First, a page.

Two of Merlin’s prophecies occur in “Balin or The Knight with the Two Swords”.  Merlin appears to King Mark at the tomb of the Lady Columbe.  Here he prophesies that Tristram and Lancelot will fight at the tomb, but neither one will slay the other (Malory 45).  The foreshadowing of this event is an advertisement for upcoming scenes in the book, but the prophecy has no effect on any of the characters’ actions.  Those who hear the prophecy do not even remark or seem to pay any attention to it.  Immediately after uttering this prophecy, Merlin is asked who he is by King Mark.  The wizard replies, “ ‘I woll nat telle you.  But at that tyme sir Trystrams ys takyn with his soveraigne lady, than shall ye here and know my name;  and at that tyme ye shall [here] tydynges that shall nat please you’ ” (Malory 45).  This prophecy is also of little effect, and King Mark does not even react to it.  More importantly, the prophecy does not state what the outcome will be of sir Trystram being taken with his “soveraigne lady”.  It is not even clear, though perhaps implied, that the “soveraigne lady” will be King Mark’s wife.  Merlin makes a more important prophecy in the next scene.  Malory writes, “Merlion tolde unto kynge Arthure of the prophecy that there sholde be a grete batayle besydes Salysbiry, and Mordred hys owne sonne sholde be agaynste hym” (Malory 49).  But Merlin does not tell Arthur what will be the result of this battle.  For all the king knows, he may defeat Mordred or the battle may end with a peace treaty.  Oddly, Malory does not even make Arthur curious enough to ask what the result of this battle will be.  Again the prophecy has no effect upon the story, but instead, it works as a foreshadowing.  Merlin might as well be speaking to himself, considering the lack of reaction from Arthur.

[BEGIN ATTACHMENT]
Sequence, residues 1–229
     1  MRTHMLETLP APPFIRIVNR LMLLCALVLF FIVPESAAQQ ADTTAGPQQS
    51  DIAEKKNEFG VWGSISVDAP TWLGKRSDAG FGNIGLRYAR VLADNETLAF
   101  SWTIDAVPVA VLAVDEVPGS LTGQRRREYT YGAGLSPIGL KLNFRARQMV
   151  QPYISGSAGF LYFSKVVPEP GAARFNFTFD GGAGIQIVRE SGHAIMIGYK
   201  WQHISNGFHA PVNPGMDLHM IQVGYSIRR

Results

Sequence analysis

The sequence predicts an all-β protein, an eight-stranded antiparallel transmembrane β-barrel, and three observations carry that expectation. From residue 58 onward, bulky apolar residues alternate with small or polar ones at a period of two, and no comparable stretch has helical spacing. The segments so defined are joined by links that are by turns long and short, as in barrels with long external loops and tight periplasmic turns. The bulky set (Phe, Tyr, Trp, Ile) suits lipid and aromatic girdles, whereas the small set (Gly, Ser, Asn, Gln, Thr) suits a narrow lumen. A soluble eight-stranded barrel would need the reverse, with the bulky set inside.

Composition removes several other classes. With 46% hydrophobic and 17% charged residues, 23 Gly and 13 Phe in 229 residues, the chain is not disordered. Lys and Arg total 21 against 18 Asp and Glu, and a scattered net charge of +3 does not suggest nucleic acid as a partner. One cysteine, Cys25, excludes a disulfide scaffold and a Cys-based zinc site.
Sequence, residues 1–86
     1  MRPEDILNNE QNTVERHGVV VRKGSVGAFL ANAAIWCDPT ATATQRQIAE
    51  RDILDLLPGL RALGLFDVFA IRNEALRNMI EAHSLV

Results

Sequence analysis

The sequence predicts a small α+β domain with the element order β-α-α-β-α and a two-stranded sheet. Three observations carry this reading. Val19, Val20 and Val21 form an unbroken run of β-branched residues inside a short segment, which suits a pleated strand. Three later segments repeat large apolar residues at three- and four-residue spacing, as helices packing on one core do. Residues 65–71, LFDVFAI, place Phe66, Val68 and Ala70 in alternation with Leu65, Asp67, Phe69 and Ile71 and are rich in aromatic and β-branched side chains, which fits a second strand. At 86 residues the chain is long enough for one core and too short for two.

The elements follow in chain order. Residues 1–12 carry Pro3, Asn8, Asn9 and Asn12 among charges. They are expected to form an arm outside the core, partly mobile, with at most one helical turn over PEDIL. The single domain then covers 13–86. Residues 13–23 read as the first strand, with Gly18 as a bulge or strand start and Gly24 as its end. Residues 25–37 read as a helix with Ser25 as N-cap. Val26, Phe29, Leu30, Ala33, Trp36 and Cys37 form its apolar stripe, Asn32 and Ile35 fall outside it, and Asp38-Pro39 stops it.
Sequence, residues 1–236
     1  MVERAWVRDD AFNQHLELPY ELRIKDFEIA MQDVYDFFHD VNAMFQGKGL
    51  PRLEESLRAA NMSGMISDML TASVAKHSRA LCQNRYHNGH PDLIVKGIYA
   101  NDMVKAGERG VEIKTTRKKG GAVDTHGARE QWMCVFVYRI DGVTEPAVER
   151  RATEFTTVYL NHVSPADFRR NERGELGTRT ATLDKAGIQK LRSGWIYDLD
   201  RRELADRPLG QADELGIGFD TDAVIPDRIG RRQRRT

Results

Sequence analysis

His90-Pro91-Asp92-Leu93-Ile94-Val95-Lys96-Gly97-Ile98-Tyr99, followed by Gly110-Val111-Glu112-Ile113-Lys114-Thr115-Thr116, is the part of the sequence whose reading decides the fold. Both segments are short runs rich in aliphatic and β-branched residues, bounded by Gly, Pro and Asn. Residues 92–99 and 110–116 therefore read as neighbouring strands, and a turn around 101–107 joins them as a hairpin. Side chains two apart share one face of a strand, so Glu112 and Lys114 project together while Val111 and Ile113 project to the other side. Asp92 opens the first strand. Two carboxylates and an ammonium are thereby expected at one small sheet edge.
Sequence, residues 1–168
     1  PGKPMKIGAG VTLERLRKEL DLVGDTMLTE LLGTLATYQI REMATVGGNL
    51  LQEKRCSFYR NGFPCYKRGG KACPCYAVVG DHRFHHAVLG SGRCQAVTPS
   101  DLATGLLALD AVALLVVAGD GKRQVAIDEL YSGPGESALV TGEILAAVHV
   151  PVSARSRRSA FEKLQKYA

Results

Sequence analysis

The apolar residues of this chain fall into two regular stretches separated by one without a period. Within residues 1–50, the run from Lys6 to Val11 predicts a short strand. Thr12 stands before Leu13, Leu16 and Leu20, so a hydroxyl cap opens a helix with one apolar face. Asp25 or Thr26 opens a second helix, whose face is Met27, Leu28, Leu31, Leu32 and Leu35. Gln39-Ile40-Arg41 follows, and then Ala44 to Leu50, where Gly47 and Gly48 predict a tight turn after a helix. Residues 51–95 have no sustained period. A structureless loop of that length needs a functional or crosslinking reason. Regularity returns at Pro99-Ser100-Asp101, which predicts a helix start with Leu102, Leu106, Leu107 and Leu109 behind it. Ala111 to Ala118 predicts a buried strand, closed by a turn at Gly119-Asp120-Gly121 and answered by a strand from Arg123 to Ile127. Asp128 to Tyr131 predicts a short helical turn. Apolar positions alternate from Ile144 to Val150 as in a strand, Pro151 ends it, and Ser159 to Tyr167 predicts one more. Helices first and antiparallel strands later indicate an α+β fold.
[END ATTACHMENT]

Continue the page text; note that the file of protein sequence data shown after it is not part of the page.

In the following book “Torre and Pellinor”, Merlin makes another similar prophecy without explaining what will be the full effect of the event he foretells.  When Arthur wishes to marry and chooses Guinevere, Malory says, “But M[e]rlyon warned the king covertly that Gwenyver was nat holsom for hym to take to wyff. For he warned hym that Launcelot scholde love hir, and sche hym agayne” (Malory 59), but then Merlin changes the subject to the adventures of the Holy Grail.  He omits to tell Arthur that Lancelot and Guinevere’s love will result in the fall of Camelot.  Merlin appears only to be giving Arthur information rather than forbidding Arthur to marry Guinevere, so Arthur is left to make his own choice, and he chooses Guinevere despite Merlin’s words.  Arthur is not even depicted as considering what Merlin’s words might mean.  Instead, Arthur is simply given knowledge of the future, but the knowledge is so incomplete that Arthur cannot know the future’s outcome.  This ambiguity places Arthur in a position where he does not have to feel the future is destined to be a disaster.